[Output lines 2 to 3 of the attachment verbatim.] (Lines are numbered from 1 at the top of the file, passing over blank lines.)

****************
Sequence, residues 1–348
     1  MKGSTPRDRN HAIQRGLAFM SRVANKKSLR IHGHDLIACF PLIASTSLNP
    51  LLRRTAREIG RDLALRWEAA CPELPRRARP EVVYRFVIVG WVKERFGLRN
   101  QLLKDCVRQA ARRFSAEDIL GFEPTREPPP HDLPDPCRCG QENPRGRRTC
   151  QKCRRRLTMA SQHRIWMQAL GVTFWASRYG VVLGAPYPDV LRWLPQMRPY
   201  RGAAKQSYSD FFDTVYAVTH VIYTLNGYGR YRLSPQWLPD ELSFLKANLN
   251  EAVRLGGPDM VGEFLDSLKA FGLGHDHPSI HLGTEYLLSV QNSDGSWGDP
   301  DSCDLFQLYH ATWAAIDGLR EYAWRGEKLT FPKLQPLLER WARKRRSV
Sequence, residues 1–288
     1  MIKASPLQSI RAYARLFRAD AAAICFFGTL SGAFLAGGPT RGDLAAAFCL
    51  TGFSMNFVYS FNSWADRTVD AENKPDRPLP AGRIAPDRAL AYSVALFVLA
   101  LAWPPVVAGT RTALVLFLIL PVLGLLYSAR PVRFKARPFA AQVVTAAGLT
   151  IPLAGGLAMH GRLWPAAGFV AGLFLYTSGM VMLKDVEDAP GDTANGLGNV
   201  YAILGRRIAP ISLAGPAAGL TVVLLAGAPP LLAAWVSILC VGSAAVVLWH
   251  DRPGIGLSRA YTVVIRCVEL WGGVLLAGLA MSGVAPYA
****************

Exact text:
     1  MKGSTPRDRN HAIQRGLAFM SRVANKKSLR IHGHDLIACF PLIASTSLNP
    51  LLRRTAREIG RDLALRWEAA CPELPRRARP EVVYRFVIVG WVKERFGLRN